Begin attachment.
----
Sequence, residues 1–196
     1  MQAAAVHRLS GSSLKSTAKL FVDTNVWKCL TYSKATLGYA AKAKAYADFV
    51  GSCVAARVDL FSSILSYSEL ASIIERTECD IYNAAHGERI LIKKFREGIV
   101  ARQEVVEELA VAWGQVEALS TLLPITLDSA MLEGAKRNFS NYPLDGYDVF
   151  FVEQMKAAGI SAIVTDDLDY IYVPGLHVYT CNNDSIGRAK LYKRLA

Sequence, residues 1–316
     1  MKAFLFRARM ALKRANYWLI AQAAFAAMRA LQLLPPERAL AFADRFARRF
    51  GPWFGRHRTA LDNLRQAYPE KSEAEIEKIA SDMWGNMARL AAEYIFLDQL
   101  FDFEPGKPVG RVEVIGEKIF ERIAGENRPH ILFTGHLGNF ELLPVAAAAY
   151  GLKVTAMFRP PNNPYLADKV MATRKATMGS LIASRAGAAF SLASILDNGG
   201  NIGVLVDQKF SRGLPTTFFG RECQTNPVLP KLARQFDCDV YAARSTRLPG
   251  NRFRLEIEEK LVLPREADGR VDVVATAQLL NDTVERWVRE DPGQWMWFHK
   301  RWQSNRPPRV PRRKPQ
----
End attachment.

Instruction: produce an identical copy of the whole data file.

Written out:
Sequence, residues 1–196
     1  MQAAAVHRLS GSSLKSTAKL FVDTNVWKCL TYSKATLGYA AKAKAYADFV
    51  GSCVAARVDL FSSILSYSEL ASIIERTECD IYNAAHGERI LIKKFREGIV
   101  ARQEVVEELA VAWGQVEALS TLLPITLDSA MLEGAKRNFS NYPLDGYDVF
   151  FVEQMKAAGI SAIVTDDLDY IYVPGLHVYT CNNDSIGRAK LYKRLA

Sequence, residues 1–316
     1  MKAFLFRARM ALKRANYWLI AQAAFAAMRA LQLLPPERAL AFADRFARRF
    51  GPWFGRHRTA LDNLRQAYPE KSEAEIEKIA SDMWGNMARL AAEYIFLDQL
   101  FDFEPGKPVG RVEVIGEKIF ERIAGENRPH ILFTGHLGNF ELLPVAAAAY
   151  GLKVTAMFRP PNNPYLADKV MATRKATMGS LIASRAGAAF SLASILDNGG
   201  NIGVLVDQKF SRGLPTTFFG RECQTNPVLP KLARQFDCDV YAARSTRLPG
   251  NRFRLEIEEK LVLPREADGR VDVVATAQLL NDTVERWVRE DPGQWMWFHK
   301  RWQSNRPPRV PRRKPQ